1902 – Stella Gibbons, English novelist best known for her debut work, Cold Comfort Farm.

1902 – Véra Nabokov, Russian writer, editor, and translator who was married to author Vladimir Nabokov and inspired many of his works.

1906 – Kathleen Kenyon, British author, educator, and archaeologist of Neolithic culture in the Fertile Crescent; she led excavations of Tell es-Sultan, the site of ancient Jericho, from 1952 to 1958, and has been called one of the most influential archaeologists of the 20th century.

1917 – Malooru Krishnarao Indira, award-winning Indian novelist in the Kannada language.

1921 – Friedrich Dürrenmatt, Swiss playwright and novelist; he was a proponent of epic theatre whose plays reflected the recent experiences of World War II.

1925 – P.A.K. Aboagye, Ghanaian poet, essayist, novelist, lexicographer, and historian of the Nzema language.

1926 – W.D. Snodgrass, Pulitzer Prize-winning U.S. poet who is considered one of the founders of the “confessional” movement in American poetry, though he objected to the name; he sometimes used the pseudonym S.S. Gardons.

1927 – Vidadi Babanli, award-winning Azerbaijani writer, dramatist, and playwright.

1929 – Veronica Brady, Australian writer, academic, biographer, broadcaster, and nun.

1929 – Robert Kinloch Massie III, Pulitzer Prize-winning U.S. biographer “who wrote gripping, tautly narrated, and immensely popular books on giants of Russian history”; his best known book is Nicholas and Alexandra, about the last Romanov tsar and his family.

1932 – Umberto Eco, Italian novelist and essayist best known for his first novel, The Name of the Rose.

1935 – Forough Farrokhzad, influential modernist Iranian poet, writer, filmmaker, and actor.

1936 – Florence King, U.S. novelist, essayist, and columnist whose works include Southern Ladies and Gentlemen, Confessions of a Failed Southern Lady, and With Charity Toward None: A Fond Look At Misanthropy.

1938 – Ngugi wa Thiong’o (also known as James T. Ngugi), Kenyan novelist, dramatist, and critic who is a significant East African writer.

1939 – Luisa Futoransky, Argentine writer, poet, and translator, living in France.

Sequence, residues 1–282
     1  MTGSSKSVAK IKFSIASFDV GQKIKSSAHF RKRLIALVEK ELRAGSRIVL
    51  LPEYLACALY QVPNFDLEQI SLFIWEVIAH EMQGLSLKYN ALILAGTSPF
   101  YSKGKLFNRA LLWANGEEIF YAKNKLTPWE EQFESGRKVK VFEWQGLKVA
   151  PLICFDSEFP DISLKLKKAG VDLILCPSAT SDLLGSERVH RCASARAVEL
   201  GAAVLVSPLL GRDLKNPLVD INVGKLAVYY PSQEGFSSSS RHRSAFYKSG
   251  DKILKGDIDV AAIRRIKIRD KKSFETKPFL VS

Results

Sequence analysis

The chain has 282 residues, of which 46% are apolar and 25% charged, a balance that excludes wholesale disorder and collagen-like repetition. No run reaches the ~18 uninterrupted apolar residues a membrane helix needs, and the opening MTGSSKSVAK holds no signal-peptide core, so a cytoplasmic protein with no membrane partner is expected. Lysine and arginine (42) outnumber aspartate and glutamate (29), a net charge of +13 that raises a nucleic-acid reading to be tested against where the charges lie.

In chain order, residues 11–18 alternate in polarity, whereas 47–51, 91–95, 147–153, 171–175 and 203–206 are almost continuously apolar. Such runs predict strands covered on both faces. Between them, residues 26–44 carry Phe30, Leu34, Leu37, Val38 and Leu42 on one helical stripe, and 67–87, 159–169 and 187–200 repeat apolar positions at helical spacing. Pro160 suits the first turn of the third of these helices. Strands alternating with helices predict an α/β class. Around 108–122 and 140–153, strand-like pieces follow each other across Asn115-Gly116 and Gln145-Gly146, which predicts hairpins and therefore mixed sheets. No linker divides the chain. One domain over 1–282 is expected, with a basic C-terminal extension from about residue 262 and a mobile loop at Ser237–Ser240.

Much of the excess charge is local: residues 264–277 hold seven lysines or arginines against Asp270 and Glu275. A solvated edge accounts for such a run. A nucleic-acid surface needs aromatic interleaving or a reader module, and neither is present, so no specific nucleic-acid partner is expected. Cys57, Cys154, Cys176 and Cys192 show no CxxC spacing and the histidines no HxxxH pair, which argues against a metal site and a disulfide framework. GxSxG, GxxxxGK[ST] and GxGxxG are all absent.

1940 – Jennifer Westwood, British author, broadcaster, philosopher, editor, broadcaster, and folklorist with special interests in the English Language, Anglo-Saxon, and Old Norse; she also wrote books under the name of Jennifer Chandler.

1941 – Hayao Miyazaki, Japanese author, manga writer, film animation artist, screenwriter, and film director.

1942 – Terenci Moix (real name Ramon Moix i Meseguer), Spanish Catalan writer who wrote in both Spanish and in Catalan; he is brother of poet and novelist Anna Maria Moix.

1942 – Michael Wilding, British-born Australian writer, novelist, critic, and professor.

1947 – Saskia Sassen, Dutch writer, sociologist, economist, urban planner, and professor noted for her analyses of globalization and international human migration; she coined the term global city.

1950 – Leda Nagle, Brazilian journalist, writer, actress, and television presenter.

1954 – László Krasznahorkai, Hungarian novelist and screenwriter who is known for critically difficult, demanding modernist novels with dystopian and melancholic themes.

1961 – Isabel Gemio Cardoso, Spanish journalist and radio and television presenter; she was married to Cuban sculptor Nilo Manrique.

1966 – Tananarive Due, American Book Award-winning U.S. African-American author, journalist, film historian, and educator who often writes about Black horror films.

1968 – Bonny Hicks, controversial Singaporean writer, philosopher, columnist, and model who gained recognition for her contributions to post-colonial literature; her first book, Excuse Me, Are You A Model?, is recognized as a significant milestone in the literary and cultural history of Singapore. At age 29, she was one of 104 passengers on SilkAir Flight 185, which crashed on Sumatra in 1997, killing everyone aboard.

1975 – Jude Dibia, award-winning Nigerian novelist and short-story writer whose first novel, Walking with Shadows, is counted as the first Nigerian novel with a gay man as its central character.

1978 – Seanan McGuire, U.S. urban fantasy author known for her October Daye series; winner of the Campbell Award, Nebula Award, and multiple Hugo Awards; she also writes science fiction under the name Mira Grant. She has described her interests as including “swamps, long walks, long walks in swamps, things that live in swamps, horror movies, strange noises, musical theater, reality TV, comic books, finding pennies on the street, and venomous reptiles.”

Snomicron Update

In honor of the Omicron coronavirus variant that’s blasting through the country right now, some have nicknamed yesterday’s snowstorm Snomicron.

Monday’s snow was beautiful, but a foot of it was a lot more than anyone expected! In addition to losing at least one tree in our yard, we lost internet service for most of the day Tuesday. I’m not complaining; it could have been a lot worse. Thousands of households in our area lost electricity, and some power company customers are still in the dark.

Our internet service was out completely today, until this evening. After that it continued to be intermittent, but it now seems to be working.